Holiday pay includes commission
The Employment Tribunal in Lock v. British Gas has confirmed that the Working Time Regulations should be interpreted to provide that commission and similar payments are included in holiday pay. This decision is no surprise in light of the ECJ’s judgment in this case last May and the EAT’s subsequent Bear Scotland decision last November.
Frustratingly, however, we are still waiting for the Lock Employment Tribunal to consider various practical holiday pay issues that are vexing employers, including determining the correct reference period to use when working out holiday pay, and whether any compensation is due if the commission schemes already effectively compensate employees for periods of holiday.
Unfair dismissal – two cases on investigations
Employer need not extensively investigate every defence put forward by an employee
The range of reasonable responses test applies to the level of investigation carried out by an employer as well as to the decision to dismiss. In Shrestha v Genesis Housing Association Ltd, the Court of Appeal considered how far an employer is required to go to fulfil this requirement.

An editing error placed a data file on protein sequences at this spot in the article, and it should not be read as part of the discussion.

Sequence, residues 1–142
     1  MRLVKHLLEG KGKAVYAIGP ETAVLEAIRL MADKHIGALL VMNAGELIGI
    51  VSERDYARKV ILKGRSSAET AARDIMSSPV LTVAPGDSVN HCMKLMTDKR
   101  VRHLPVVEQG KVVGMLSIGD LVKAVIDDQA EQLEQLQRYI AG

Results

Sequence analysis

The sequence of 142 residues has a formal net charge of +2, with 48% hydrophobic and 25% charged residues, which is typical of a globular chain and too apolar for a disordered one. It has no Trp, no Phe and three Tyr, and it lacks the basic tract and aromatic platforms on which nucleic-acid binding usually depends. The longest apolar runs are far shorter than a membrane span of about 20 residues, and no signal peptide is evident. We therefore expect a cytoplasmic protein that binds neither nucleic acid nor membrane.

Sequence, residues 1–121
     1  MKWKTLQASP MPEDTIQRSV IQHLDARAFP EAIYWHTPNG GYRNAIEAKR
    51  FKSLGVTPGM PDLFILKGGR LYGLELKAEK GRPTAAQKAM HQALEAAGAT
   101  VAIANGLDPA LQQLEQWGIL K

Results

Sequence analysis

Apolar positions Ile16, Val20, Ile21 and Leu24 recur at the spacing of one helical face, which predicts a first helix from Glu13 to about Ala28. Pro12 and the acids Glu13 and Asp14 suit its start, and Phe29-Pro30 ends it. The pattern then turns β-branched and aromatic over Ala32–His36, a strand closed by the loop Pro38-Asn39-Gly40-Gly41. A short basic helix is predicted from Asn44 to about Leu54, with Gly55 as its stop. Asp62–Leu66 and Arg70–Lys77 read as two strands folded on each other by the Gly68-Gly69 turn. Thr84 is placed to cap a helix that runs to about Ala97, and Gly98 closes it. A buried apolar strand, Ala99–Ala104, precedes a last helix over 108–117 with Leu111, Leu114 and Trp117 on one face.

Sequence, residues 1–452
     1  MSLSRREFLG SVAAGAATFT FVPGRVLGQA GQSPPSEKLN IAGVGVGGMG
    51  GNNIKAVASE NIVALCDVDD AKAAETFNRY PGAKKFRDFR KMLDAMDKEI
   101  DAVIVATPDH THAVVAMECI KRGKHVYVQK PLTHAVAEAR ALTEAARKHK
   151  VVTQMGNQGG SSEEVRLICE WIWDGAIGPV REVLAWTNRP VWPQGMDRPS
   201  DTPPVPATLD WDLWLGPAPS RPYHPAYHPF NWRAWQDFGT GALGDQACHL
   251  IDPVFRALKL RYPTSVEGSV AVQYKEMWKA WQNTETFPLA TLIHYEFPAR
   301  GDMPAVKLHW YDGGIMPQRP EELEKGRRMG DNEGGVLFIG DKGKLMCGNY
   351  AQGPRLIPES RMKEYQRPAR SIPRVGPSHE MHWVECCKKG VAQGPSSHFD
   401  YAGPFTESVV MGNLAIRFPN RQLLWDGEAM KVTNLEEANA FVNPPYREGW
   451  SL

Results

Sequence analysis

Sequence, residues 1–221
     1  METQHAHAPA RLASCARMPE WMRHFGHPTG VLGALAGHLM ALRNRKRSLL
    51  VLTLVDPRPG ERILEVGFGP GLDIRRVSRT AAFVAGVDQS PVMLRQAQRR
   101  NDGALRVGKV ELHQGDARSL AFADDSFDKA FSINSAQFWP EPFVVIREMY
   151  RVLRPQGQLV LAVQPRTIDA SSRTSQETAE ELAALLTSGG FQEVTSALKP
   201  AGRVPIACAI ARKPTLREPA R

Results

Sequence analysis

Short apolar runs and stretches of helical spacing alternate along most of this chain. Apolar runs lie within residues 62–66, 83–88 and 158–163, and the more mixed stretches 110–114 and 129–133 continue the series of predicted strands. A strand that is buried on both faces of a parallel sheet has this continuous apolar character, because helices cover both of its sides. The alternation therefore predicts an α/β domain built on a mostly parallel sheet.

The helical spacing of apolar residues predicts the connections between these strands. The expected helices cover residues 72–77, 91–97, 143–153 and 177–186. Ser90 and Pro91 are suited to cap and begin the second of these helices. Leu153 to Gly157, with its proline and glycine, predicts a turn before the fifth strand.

Mr Shrestha was disciplined by his employer for fraudulently claiming mileage expenses. In his disciplinary hearing he put forward three reasons why this was: difficultly parking, one-way systems and road works. The employer considered and discounted his explanation, but did not specifically analyse in detail his arguments in relation to each and every journey that was in issue. The Court of Appeal, upholding the Employment Tribunal and EAT decisions below, found that the dismissal was fair. What mattered was the reasonableness of the investigation as a whole. On the facts, the employer was not required to extensively investigate every line of defence put forward by the employee for every journey.
Less investigation may be required where employee admits misconduct
In CRO Ports London Ltd v Wiltshire, the employee admitted committing misconduct. There was an accident due to a serious breach of health and safety rules. The employee took full responsibility but as he had a previously unblemished record and as the practice which led to the accident was common he did not expect to be dismissed. The Employment Tribunal found that his dismissal was unfair, finding that the employer’s investigation was not reasonable for a number of reasons.